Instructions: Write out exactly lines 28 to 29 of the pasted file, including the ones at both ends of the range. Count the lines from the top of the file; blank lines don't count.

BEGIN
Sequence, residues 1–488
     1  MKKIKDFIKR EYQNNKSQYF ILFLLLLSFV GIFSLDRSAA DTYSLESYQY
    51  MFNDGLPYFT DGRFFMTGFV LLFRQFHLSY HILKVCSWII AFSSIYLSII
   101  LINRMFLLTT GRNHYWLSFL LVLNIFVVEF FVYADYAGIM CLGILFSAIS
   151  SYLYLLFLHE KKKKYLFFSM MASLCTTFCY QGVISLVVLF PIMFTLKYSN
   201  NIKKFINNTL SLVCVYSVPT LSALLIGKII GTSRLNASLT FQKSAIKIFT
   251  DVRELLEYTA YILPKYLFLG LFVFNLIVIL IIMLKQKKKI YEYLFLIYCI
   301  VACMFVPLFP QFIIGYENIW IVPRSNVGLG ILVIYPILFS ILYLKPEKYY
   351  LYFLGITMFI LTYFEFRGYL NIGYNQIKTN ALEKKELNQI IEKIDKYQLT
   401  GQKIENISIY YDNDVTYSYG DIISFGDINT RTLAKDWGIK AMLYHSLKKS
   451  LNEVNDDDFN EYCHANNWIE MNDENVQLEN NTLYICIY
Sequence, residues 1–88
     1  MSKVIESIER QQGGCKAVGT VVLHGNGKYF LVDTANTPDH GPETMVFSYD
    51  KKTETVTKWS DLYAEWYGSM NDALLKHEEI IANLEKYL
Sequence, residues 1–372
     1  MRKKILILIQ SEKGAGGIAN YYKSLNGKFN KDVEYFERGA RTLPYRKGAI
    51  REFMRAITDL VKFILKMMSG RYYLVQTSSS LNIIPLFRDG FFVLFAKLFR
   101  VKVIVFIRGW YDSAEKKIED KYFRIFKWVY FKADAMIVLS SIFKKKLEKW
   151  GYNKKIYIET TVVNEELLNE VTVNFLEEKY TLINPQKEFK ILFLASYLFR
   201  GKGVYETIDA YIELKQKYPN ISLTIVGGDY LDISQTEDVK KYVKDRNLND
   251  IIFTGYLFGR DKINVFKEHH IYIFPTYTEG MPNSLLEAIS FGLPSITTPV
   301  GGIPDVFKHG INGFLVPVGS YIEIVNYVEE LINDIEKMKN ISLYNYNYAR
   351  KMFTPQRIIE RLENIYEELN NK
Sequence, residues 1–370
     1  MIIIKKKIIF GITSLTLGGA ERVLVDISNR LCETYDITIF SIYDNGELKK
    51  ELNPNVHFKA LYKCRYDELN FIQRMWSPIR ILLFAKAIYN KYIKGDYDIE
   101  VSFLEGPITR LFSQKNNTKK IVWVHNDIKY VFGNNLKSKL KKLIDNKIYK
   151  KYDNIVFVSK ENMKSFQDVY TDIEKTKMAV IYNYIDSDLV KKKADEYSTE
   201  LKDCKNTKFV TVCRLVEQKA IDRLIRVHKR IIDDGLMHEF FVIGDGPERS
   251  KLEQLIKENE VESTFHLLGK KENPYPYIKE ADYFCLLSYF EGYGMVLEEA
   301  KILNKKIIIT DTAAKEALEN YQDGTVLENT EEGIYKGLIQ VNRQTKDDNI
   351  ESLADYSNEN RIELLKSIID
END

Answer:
   151  KYDNIVFVSK ENMKSFQDVY TDIEKTKMAV IYNYIDSDLV KKKADEYSTE
   201  LKDCKNTKFV TVCRLVEQKA IDRLIRVHKR IIDDGLMHEF FVIGDGPERS